Scientists discover Y-DNA haplogroups J2 and L1a among the Rakhigarhi residents, along with mt-DNA haplogroups such as HV, K1 and T1. All these haplogroups are often associated with the origins and spread of agriculture and urbanisation in the earliest cradle of human civilisation, the Fertile Crescent in West Asia. This is a crescent-shaped region that would cover parts of today’s Iraq, Iran, Syria, Egypt, Turkey and Israel, among others. A finding such as this would not cause a major upset to any existing understanding of Asian history, but it would disprove the theory that the Indus civilisation was built by Vedic Aryans. This is because the non-discovery of R1a and the discovery of haplogroups with West Asian affinities would suggest that when the Indus Valley civilisation was thriving, Indo-European language speakers were not present on location.

Who would be cheered to hear such a result, though? That is hard to answer. One could say that the advocates of Dravidian language speakers would be, because there are grounds to think that the migrants from West Asia may have spoken a language or languages closely related to today’s Tamil, Telugu, Kannada, and so on. But the difficulty is that for the Dravidian partisans to cheer this result, they would also have to accept the fact that they too were migrants to India, much like the Sanskrit or proto-Sanskrit-speaking Aryans who arrived many millennia later.


Scenario 3: The original settlers of India as Harappans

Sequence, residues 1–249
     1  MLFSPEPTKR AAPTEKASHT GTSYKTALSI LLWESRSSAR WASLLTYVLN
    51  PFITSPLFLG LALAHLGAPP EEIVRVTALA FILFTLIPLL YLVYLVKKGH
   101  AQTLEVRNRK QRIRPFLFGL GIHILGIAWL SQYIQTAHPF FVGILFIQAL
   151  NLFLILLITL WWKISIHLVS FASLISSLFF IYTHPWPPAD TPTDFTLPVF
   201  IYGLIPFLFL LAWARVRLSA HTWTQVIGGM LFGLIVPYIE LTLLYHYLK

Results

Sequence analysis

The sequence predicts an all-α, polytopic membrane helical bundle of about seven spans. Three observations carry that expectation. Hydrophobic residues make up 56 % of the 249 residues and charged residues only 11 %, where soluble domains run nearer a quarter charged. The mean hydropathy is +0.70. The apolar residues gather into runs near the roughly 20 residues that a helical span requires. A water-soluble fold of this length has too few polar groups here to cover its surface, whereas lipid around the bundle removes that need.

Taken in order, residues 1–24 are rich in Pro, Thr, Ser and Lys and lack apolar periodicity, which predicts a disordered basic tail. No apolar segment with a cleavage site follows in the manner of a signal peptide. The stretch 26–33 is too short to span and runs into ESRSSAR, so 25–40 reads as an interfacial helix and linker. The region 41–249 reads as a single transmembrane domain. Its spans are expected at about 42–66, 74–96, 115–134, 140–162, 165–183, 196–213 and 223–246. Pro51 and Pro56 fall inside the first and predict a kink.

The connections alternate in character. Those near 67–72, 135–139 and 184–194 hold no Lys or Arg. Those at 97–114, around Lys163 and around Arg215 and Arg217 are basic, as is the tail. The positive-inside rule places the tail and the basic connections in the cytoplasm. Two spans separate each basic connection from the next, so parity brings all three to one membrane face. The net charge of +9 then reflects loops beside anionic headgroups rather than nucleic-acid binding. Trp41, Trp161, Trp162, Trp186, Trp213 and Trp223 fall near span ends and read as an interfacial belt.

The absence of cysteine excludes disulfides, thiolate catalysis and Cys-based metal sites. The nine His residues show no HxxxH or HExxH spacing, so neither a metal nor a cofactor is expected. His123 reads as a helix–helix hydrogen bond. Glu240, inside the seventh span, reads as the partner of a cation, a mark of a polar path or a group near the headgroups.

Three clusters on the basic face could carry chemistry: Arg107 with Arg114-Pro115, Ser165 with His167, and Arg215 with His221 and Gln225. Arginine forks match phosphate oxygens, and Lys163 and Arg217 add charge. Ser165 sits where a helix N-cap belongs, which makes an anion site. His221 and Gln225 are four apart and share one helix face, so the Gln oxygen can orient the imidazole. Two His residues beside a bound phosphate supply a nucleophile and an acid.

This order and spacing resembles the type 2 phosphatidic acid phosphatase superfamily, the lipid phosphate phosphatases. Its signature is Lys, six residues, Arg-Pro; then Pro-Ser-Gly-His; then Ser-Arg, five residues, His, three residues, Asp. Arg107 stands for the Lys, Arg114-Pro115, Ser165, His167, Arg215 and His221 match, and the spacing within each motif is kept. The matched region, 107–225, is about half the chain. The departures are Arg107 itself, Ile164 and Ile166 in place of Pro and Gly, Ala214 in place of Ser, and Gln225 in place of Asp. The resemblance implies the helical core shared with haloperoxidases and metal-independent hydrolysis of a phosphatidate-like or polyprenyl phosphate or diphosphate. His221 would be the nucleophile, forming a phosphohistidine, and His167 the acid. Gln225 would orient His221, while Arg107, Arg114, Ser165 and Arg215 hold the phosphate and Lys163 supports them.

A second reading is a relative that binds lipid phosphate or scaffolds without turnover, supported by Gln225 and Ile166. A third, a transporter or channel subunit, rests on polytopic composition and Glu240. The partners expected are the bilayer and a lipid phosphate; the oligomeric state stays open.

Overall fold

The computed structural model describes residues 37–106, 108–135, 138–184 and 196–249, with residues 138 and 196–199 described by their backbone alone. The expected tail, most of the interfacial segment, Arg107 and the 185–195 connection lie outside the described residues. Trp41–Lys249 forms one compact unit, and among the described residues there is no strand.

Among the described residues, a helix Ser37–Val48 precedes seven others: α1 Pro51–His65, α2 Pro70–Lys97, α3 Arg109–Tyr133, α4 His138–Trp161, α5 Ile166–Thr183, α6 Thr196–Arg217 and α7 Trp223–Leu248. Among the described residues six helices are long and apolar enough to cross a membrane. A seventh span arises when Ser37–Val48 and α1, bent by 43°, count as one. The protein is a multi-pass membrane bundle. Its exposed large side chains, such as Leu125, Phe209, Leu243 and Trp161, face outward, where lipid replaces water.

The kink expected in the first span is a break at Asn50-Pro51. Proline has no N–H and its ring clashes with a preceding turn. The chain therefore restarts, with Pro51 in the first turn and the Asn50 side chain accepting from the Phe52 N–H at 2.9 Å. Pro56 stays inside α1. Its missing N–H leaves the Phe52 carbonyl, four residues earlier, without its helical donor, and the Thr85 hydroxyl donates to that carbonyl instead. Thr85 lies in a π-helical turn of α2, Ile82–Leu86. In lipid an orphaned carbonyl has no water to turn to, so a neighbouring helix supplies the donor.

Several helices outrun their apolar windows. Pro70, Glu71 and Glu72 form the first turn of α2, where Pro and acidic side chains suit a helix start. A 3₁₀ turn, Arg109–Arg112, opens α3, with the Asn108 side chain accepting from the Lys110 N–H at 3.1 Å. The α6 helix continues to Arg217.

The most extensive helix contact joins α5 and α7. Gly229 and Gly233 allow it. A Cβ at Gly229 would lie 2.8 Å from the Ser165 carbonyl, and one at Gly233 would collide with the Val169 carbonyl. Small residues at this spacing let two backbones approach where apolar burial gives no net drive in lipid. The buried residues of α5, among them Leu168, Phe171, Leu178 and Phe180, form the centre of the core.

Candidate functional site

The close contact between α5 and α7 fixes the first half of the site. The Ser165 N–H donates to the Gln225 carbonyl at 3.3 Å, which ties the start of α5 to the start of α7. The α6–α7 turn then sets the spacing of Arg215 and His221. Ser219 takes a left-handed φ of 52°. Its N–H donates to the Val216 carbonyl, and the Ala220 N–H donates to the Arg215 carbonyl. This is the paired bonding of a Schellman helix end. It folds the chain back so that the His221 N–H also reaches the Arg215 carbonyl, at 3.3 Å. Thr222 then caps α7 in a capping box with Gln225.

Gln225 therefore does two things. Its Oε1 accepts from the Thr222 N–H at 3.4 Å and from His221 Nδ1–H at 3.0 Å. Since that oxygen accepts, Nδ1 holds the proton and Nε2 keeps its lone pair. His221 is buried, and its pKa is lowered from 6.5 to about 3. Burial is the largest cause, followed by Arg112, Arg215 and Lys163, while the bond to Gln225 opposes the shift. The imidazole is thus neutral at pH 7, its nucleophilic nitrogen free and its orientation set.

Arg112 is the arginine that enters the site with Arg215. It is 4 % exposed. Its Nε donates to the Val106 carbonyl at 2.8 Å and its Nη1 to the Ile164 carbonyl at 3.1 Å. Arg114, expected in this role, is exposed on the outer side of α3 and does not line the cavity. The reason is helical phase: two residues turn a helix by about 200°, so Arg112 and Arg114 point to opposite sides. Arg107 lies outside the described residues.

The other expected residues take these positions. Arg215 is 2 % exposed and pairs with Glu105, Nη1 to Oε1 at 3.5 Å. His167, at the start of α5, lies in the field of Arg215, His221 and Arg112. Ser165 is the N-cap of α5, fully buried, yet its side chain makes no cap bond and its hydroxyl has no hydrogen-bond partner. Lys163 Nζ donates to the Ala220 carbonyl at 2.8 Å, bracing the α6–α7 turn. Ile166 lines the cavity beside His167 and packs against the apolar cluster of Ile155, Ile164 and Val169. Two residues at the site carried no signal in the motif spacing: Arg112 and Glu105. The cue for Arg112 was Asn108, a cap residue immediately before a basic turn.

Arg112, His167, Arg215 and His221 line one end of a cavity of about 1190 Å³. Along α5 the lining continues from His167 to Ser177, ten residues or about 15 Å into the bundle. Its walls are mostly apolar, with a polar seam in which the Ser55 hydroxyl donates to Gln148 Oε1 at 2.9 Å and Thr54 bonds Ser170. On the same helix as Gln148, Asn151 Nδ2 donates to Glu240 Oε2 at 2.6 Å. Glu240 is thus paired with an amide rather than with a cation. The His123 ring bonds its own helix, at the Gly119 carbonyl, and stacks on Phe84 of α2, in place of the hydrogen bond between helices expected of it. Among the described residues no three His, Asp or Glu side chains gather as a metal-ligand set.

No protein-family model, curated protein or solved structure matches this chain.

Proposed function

Scientists discover Y-DNA haplogroup H and mt-DNA haplogroups M2 and M36 in the Rakhigrahi ancient DNA. All these haplogroups are indisputably autochthonous, or indigenous. In other words, they are descendant lineages of the original OOA migrants. These lineages are spread far and wide across India today, though they vary significantly in their distribution. Female mt-DNA haplogroups that are descended from the OOA migrants dominate the Indian population with a frequency of 70-80% today, while Y-DNA lineages of the same descent are present at a far lower percentage, of around 10-40%, depending on the population group. This asymmetry is not necessarily surprising — male lineages die out and get replaced at a faster rate than female lineages because of the male-biased nature of human conflicts and wars, at least from the Neolithic period onwards.


Scenario 4: The Mundas in the Indus Valley

Scientists discover Y-DNA haplogroup O2a and mt-DNA haplogroup M4a in the Rakhigarhi ancient DNA. These haplogroups are associated with the speakers of Austro-Asiatic languages such as Mundari, Santali and Khasi. These haplogroups and related languages are also present in Southeast Asia. In India, speakers of these languages are currently found mostly in Central and East India. Even though a prominent philologist of Harvard University, Michael Witzel, has argued the case for a language close to Munda (which he calls Para-Munda) being one of the languages of the erstwhile Indus Valley, a finding of this nature will come as a surprise to most others. One inconsistency is that the agricultural backbone of the Indus Valley civilisation was barley and wheat, while the Austro-Asiatic language family is spread across regions (such as Southeast Asia) where rice is the most important cultivar. In fact, one theory is that rice cultivation was pioneered in China from where it spread to Southeast Asia and was brought to India by the Austro-Asiatic language speakers. So, if the geneticists do find haplogroups O and M4a in Rakhigarhi, some of our current understanding of Indian history may have to be revised.